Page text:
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steroid-5-alpha-reductase, alpha polypeptide 1
Identifiers
Symbol SRD5A1
Entrez 6715
HUGO 11284
OMIM 184753
RefSeq NM_001047
UniProt P18405
Other data
EC number 1.3.99.5
Locus Chr. 5 p15
steroid-5-alpha-reductase, alpha polypeptide 2
Identifiers
Symbol SRD5A2
Entrez 6716
HUGO 11285
OMIM 607306
RefSeq NM_000348
UniProt P31213
Other data
EC number 1.3.99.5
Locus Chr. 2 p23

5-Alpha reductase is an enzyme involved in steroid metabolism.

Contents

Function

Steroidogenesis, showing both actions of 5-alpha reductase at bottom center.

It converts testosterone, the male sex hormone, into the more potent dihydrotestosterone:

Note the major difference — the Δ4,5 double-bond on the A (leftmost) ring. (The other differences between the diagrams are unrelated to chemical structure.)

Another function of the enzyme is participation in the creation of such neurosteroids as allopregnanolone and THDOC.

Isoenzymes

There are two isoenzymes, steroid 5-alpha reductase 1 and 2 (SRD5A1 and SRD5A2).[1][2]

The second isoenzyme is deficient in 5-alpha-reductase deficiency, which leads to a form of intersexualism.

Production and inhibition

The enzyme is produced only in specific tissues of the male human body,[3] namely the skin, seminal vesicles, prostate and epididymis.

Inhibition of 5-alpha reductase results in decreased production of DHT, increased levels of testosterone, and, perhaps, increased levels of estradiol. Gynecomastia is a possible side-effect of 5-alpha reductase inhibition.

Pharmacology

5-alpha-reductase inhibitor drugs are used in benign prostatic hyperplasia, prostate cancer, and baldness. Both isoforms are also produced in the brain, where they serve to create the neurosteroid allopregnanolone (5AR type I) and convert T to DHT(5AR type II)(1). Finasteride inhibits the function of only one of the isoenzymes (type 2), whereas dutasteride inhibits both forms.

Research has indicated certain mushrooms have anti-5-alpha reductase activity.[4]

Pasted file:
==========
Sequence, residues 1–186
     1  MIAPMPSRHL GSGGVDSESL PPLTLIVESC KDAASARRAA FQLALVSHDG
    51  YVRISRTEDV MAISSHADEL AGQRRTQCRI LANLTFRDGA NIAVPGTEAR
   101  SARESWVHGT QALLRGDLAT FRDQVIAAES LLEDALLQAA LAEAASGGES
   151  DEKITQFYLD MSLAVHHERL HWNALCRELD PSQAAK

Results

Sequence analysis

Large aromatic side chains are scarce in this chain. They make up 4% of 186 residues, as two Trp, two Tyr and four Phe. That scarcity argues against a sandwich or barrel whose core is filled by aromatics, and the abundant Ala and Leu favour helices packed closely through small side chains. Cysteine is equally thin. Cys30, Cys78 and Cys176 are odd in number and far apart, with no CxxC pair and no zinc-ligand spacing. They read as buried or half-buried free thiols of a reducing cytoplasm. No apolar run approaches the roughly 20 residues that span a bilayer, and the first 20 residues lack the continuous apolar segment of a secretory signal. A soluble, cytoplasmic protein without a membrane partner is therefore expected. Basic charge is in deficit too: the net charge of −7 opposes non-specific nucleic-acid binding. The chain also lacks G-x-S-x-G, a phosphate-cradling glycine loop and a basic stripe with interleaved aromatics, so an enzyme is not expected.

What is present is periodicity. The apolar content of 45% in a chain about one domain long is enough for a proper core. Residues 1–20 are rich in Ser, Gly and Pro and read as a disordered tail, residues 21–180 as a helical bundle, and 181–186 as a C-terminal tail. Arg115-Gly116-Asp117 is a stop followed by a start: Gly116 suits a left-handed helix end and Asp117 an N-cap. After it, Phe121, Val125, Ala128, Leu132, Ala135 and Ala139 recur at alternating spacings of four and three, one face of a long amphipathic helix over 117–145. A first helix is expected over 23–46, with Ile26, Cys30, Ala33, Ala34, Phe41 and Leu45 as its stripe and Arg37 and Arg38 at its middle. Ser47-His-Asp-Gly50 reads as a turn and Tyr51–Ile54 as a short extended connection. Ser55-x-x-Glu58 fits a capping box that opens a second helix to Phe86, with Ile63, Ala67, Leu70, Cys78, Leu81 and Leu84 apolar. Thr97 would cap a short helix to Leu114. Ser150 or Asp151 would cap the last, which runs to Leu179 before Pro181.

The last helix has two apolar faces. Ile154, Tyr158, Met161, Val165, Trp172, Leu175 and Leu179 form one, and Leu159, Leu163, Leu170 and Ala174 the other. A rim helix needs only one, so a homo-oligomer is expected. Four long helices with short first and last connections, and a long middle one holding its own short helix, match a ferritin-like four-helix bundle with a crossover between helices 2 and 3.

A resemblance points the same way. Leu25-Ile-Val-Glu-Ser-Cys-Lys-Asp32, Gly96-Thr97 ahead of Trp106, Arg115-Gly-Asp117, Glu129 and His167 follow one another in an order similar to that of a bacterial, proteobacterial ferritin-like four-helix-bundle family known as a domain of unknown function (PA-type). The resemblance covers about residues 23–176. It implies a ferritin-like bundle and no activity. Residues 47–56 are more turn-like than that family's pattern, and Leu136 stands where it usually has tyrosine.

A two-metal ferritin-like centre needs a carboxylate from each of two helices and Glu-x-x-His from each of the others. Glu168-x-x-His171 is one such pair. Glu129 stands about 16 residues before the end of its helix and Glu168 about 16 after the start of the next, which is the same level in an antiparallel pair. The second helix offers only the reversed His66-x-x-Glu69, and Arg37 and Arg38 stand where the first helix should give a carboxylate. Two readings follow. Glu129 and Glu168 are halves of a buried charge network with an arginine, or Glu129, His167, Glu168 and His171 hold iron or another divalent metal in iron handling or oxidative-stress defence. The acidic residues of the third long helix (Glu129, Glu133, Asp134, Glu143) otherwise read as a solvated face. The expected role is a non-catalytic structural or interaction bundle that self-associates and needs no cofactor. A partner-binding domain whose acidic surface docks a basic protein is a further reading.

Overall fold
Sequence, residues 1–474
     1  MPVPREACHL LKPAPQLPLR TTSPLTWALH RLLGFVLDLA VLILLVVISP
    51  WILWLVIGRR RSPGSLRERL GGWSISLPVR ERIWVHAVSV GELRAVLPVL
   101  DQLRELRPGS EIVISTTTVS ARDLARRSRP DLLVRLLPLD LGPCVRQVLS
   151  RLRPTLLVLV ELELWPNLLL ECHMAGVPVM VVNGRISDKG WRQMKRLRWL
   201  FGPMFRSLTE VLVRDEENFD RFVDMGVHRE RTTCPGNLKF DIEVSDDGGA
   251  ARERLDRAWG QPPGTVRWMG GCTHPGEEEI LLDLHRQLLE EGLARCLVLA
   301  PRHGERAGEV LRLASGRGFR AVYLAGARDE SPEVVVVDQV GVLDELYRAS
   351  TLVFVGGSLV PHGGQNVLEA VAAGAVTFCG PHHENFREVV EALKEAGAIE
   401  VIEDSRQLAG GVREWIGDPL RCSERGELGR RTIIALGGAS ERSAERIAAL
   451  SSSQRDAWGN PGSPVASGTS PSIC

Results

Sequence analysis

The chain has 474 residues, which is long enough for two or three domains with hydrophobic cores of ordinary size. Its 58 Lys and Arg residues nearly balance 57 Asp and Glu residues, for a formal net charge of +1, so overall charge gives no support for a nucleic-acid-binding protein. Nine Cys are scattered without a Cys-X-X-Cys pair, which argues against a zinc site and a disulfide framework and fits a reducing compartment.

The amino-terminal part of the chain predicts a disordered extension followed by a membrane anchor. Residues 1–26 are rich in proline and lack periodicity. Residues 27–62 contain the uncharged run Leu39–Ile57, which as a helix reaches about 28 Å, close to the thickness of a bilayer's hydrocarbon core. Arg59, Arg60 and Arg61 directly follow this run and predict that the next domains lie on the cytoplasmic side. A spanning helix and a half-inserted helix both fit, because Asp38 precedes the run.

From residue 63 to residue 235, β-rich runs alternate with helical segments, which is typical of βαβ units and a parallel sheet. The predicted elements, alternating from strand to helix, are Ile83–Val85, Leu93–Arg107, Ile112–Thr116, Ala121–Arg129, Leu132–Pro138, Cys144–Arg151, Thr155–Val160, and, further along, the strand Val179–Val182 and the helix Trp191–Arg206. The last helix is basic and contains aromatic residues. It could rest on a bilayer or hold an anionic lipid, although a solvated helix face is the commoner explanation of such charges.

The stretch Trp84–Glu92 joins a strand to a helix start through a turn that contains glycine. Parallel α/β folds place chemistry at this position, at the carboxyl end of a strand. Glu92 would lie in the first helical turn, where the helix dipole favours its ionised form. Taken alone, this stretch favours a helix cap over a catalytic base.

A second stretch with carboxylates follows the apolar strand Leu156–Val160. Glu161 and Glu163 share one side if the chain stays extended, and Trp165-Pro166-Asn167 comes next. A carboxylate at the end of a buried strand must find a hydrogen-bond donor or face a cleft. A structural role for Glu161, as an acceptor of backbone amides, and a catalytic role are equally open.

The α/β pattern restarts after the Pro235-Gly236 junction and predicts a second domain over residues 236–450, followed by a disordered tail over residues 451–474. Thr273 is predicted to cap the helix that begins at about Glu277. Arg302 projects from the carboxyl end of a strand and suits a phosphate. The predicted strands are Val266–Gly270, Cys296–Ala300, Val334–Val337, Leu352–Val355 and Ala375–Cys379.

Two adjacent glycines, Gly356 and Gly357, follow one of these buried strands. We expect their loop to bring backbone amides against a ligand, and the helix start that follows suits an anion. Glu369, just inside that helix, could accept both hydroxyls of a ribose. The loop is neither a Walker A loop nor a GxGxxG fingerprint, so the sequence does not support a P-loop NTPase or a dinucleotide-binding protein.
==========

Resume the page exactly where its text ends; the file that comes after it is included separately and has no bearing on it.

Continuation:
References

  1. ^ Killian J, Pratis K, Clifton RJ, Stanton PG, Robertson DM, O'Donnell L (May 2003). "5alpha-reductase isoenzymes 1 and 2 in the rat testis during postnatal development". Biol. Reprod. 68 (5): 1711–8. doi:10.1095/biolreprod.102.009142. PMID 12606426. http://www.biolreprod.org/cgi/pmidlookup?view=long&pmid=12606426.  
  2. ^ Thiele S, Hoppe U, Holterhus PM, Hiort O (June 2005). "Isoenzyme type 1 of 5alpha-reductase is abundantly transcribed in normal human genital skin fibroblasts and may play an important role in masculinization of 5alpha-reductase type 2 deficient males". Eur. J. Endocrinol. 152 (6): 875–80. doi:10.1530/eje.1.01927. PMID 15941927. http://eje-online.org/cgi/pmidlookup?view=long&pmid=15941927.  
  3. ^ Pinna G, Agis-Balboa RC, Pibiri F, Nelson M, Guidotti A, Costa E (October 2008). "Neurosteroid biosynthesis regulates sexually dimorphic fear and aggressive behavior in mice". Neurochem. Res. 33 (10): 1990–2007. doi:10.1007/s11064-008-9718-5. PMID 18473173. http://dx.doi.org/10.1007/s11064-008-9718-5.  
  4. ^ Chen, S., Y.C. Kao (1997), "Binding characteristics of aromatase inhibitors and phytoestrogens to human aromatase.", The Journal of Steroid Biochemistry and Molecular Biology (City of Hope, Duarte, California) 61: 107–115  

See also

External

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